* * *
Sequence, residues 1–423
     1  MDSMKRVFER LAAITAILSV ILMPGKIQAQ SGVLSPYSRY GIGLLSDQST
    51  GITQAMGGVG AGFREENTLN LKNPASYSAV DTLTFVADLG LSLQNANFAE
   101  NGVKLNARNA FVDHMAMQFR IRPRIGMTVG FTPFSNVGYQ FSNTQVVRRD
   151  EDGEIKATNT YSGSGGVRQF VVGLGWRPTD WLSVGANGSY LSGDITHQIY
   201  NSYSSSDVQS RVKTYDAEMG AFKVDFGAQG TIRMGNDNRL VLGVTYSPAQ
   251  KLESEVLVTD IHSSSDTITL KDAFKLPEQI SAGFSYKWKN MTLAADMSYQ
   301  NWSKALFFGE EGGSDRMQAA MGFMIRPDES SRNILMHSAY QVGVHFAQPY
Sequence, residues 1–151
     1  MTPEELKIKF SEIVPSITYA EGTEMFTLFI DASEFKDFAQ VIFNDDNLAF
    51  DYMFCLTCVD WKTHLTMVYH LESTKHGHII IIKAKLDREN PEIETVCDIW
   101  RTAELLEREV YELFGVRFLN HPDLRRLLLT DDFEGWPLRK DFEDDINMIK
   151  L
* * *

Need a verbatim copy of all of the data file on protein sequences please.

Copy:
Sequence, residues 1–423
     1  MDSMKRVFER LAAITAILSV ILMPGKIQAQ SGVLSPYSRY GIGLLSDQST
    51  GITQAMGGVG AGFREENTLN LKNPASYSAV DTLTFVADLG LSLQNANFAE
   101  NGVKLNARNA FVDHMAMQFR IRPRIGMTVG FTPFSNVGYQ FSNTQVVRRD
   151  EDGEIKATNT YSGSGGVRQF VVGLGWRPTD WLSVGANGSY LSGDITHQIY
   201  NSYSSSDVQS RVKTYDAEMG AFKVDFGAQG TIRMGNDNRL VLGVTYSPAQ
   251  KLESEVLVTD IHSSSDTITL KDAFKLPEQI SAGFSYKWKN MTLAADMSYQ
   301  NWSKALFFGE EGGSDRMQAA MGFMIRPDES SRNILMHSAY QVGVHFAQPY
Sequence, residues 1–151
     1  MTPEELKIKF SEIVPSITYA EGTEMFTLFI DASEFKDFAQ VIFNDDNLAF
    51  DYMFCLTCVD WKTHLTMVYH LESTKHGHII IIKAKLDREN PEIETVCDIW
   101  RTAELLEREV YELFGVRFLN HPDLRRLLLT DDFEGWPLRK DFEDDINMIK
   151  L